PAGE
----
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Farm Bill Delay Shows Pathological GOP Partisanship, Noem Impotence

While Mr. Powers makes himself look busy posting video of Kristi Noem doing what she said she didn't go to Washington to do, farmers eagerly await our Congresswoman's delivery of real legislation, the 2012 Farm Bill. My friends at SD Dems HQ remind me that, while I was way, Mr. Montgomery wrote an interesting piece saying the farm bill is Rep. Noem's "first huge legislative moment":

If the farm bill passes, she can claim it as a legitimate triumph. If it goes down in this Congress' increasingly typical dysfunction, she won't be able to dodge the blame.

...Issues like this are why Noem said being on the House Republican leadership team as a representative of freshmen Republicans was a good thing — to bring a South Dakota perspective to leadership deliberations.

Noem says she's had "many" conversations with Boehner and a few with Majority Leader Eric Cantor on the farm bill, urging them to bring it to a vote.

So far, nothing [emphasis in original; David Montgomery, "On the Farm Bill, It's Noem's Turn," Political Smokeout, 2012.07.20].

Rep. Noem got 75+ colleagues, GOP and Dem, to sign a letter to the House leadership telling them to bring the farm bill to a vote. As of this afternoon, this letter hasn't budged Speaker Boehner, whose obstruction of the budget-cutting farm bill in the middle of a drought (hey, how about that tiny little sprinkle we had this morning?) is unprecedented:

Whatever its flaws, the bill promises $35 billion in 10-year savings from exactly the type of mandatory spending that Congress promised to tackle in last summer's debt accord. But rather than disrupt its political messaging, the GOP would put it all at risk by delaying action until after the November elections.

Never before in modern times has a farm bill reported from the House Agriculture Committee been so blocked. POLITICO looked back at 50 years of farm bills and found nothing like this. There have been long debates, often torturous negotiations with the Senate and a famous meltdown in 1995 when the House Agriculture Committee couldn't produce a bill. But no House farm bill, once out of committee, has been kept off the floor while its deadline passes [David Rogers, "Congress Delays Farm Bill as Drought Spreads," Politico, 2012.07.23].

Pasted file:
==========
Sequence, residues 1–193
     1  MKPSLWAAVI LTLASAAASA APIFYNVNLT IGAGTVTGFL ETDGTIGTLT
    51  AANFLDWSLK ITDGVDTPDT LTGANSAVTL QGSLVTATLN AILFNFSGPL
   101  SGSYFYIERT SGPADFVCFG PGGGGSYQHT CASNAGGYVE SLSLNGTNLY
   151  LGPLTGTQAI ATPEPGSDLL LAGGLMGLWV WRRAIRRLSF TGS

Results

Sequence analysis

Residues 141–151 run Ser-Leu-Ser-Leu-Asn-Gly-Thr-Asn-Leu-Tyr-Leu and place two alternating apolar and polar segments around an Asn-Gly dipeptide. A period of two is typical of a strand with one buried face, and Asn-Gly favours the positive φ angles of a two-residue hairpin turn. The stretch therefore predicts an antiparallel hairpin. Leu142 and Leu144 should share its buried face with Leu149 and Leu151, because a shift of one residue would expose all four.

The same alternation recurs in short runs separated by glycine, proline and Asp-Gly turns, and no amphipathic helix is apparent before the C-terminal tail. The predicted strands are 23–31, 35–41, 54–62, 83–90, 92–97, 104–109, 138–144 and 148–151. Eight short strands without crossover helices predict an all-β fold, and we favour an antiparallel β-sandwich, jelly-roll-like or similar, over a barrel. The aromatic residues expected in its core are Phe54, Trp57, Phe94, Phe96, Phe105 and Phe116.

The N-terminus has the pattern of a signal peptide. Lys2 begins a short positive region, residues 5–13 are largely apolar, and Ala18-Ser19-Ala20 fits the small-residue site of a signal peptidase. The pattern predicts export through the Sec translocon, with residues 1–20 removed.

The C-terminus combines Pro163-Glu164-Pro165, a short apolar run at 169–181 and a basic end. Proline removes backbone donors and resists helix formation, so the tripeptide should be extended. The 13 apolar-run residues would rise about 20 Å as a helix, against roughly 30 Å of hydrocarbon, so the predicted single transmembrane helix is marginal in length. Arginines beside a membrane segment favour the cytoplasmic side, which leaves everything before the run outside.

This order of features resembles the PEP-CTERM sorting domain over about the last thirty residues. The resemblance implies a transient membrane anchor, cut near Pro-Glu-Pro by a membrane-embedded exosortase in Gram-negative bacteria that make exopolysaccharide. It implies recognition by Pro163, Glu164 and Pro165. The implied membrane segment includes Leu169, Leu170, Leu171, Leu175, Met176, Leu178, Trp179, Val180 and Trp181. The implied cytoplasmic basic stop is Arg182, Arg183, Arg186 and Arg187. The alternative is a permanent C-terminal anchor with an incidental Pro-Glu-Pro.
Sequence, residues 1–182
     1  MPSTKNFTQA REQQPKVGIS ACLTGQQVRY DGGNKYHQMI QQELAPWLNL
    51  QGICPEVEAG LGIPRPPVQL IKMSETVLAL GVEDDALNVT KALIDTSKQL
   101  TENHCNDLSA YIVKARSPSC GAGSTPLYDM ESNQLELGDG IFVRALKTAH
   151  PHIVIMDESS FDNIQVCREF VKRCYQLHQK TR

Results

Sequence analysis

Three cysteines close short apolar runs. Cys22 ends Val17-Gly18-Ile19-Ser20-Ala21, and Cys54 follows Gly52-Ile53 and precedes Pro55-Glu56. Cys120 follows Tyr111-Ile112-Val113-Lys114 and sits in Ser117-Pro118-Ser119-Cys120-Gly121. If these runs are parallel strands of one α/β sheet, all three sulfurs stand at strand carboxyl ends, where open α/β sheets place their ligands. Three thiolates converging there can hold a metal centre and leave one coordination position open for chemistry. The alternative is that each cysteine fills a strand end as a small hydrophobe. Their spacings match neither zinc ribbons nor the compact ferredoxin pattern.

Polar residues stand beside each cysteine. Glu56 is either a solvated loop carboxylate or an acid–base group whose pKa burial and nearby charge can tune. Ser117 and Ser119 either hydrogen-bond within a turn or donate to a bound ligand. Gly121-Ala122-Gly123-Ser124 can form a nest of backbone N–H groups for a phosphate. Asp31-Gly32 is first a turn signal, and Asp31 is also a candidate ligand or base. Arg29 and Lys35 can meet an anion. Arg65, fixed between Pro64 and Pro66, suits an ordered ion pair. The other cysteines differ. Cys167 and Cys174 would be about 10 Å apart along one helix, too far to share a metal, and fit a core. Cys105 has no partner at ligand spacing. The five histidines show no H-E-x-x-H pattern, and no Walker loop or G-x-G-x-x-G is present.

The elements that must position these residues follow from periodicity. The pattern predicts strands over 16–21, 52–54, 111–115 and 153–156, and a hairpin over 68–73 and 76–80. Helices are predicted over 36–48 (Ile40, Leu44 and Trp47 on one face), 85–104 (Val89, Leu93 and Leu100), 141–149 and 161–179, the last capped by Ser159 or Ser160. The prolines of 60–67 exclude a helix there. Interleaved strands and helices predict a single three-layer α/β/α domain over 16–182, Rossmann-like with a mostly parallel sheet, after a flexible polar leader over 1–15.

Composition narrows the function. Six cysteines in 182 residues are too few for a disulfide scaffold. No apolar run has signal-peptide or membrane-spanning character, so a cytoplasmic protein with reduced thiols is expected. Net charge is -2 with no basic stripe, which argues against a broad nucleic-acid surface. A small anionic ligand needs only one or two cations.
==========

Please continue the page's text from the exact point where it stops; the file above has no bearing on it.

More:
This obstructionism is fine with hard-right conservatives like Daniel Horowitz, who says Rep. Noem is supporting "Soviet-style intervention" in the agriculture industry:

Put simply, the farm bill is an anathema to free enterprise, limited government, and individual responsibility. The House version (H.R. 6083) authorizes $957 billion in spending over 10 years, 80% of which will go towards food stamps. Despite erroneous claims in the media regarding severe cuts to food stamps, this bill actually consummates the Obama-era baseline into our entitlement empire forever.

Furthermore, this bill adds an additional 3 crop insurance and price support programs that distort the market, encourage risky behavior, protect parochial interests, and are tendentious towards large farms. This bill also continues the egregious coddling of rich sugar farmers and the dairy supply regulations that you so aptly referred to as "Soviet style" [Daniel Horowitz, "Mr. Speaker, Tear up This Farm Bill," RedState, 2012.07.19].

There is the faint possibility that, given the harsh critiques of this farm bill from left and right, Rep. Noem is pushing a tolerable compromise. But whatever the merits of the bill, if Rep. Noem says she wants it, but then can't marshal her influence as freshman liaison to move the Speaker and her colleagues toward a vote and passage while farmers watch their corn dry up in the heat, she'll have some hard explaining to do.


  1. Linda 2012.07.23

    80% of the farm bill goes to food stamps! The only thing that a farm bill and food stamps have in common is that farmers grow the food and food stamp recipients eat it. Food stamps belong in the HHS or welfare segment of the budget, not the farm bill.

  2. Justin 2012.07.23

    As far as I'm concerned, SD is a poor state with the huge legislative advantage of being overrepresented in the Senate.

    That ratio of Federal taxes in vs taxes out should be maximized. Private interests through Superpacs are vying for the Federal tax dollar we as a state we should be maximizing. I question SD but at least we weren't dumb enough to refuse $800 million in stimulus money. It supposedly disappeared and did nothing (except bail out the states revenue shortfall, bail out the highway funds and disappear into a fancy reserve that helps us out so much as citizens).